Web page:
A former Indiana Department of Correction inmate filed suit today for the department's alleged indifference to cancer he developed while serving time.
The lawsuit, filed in U.S. District Court, Indianapolis on behalf of Phillip "Andy" Springer and assigned to Judge David F. Hamilton, seeks money damages against governmental entities, correctional authorities and correctional facility medical providers, including the Putnam County Jail and Putnamville Correctional Facility, for their alleged indifference to Mr. Springer's serious medical needs which arose while incarcerated, leaving him paralyzed and terminal when his cancer progressed too far without treatment and became inoperable.
"This is one of the worst examples of negligence and deliberate indifference to an inmate's serious medical needs that I have seen in a very long time," said Richard A. Waples, attorney for Springer. "A young man of 26 when he went in, and facing alcohol-related sentences, Springer left prison one and a half years later with only three to 14 months life expectancy. His repeated requests to be medically examined for a lump on his back were repeatedly ignored by correctional authorities and medical providers until Springer could no longer walk. He, along with his family, made repeated and frequent requests for medical care, but he lost the chance to get life-saving treatment. Now he will pay for their indifference with his life."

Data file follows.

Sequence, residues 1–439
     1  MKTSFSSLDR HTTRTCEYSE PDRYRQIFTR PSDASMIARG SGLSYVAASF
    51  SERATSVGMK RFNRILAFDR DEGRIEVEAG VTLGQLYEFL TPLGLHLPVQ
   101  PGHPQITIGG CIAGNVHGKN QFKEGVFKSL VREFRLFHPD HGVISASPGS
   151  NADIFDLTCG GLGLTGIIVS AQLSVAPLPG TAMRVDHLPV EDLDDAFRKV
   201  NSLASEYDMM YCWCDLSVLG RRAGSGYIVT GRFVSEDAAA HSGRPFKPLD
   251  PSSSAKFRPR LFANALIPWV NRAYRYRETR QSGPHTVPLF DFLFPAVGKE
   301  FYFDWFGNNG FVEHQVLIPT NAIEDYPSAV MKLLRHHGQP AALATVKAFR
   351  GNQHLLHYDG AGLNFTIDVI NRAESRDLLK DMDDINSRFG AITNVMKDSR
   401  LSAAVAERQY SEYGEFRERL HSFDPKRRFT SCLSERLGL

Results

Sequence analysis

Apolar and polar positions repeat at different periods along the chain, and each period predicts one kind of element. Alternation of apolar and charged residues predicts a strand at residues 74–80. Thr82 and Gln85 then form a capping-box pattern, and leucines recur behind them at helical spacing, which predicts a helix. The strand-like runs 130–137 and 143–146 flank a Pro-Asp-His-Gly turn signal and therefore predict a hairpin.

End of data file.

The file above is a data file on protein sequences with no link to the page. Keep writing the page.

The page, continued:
Andy Springer, now 28, lives with his parents in rural Montgomery County. His cancer has rendered him a paraplegic and he relies on his parents for round-the-clock care.
"Doctors tell Andy he has eight months at the most. What's compounding the tragedy is that he will leave a little 5-year-old daughter," said Waples, "but he is trying to stay positive for his daughter."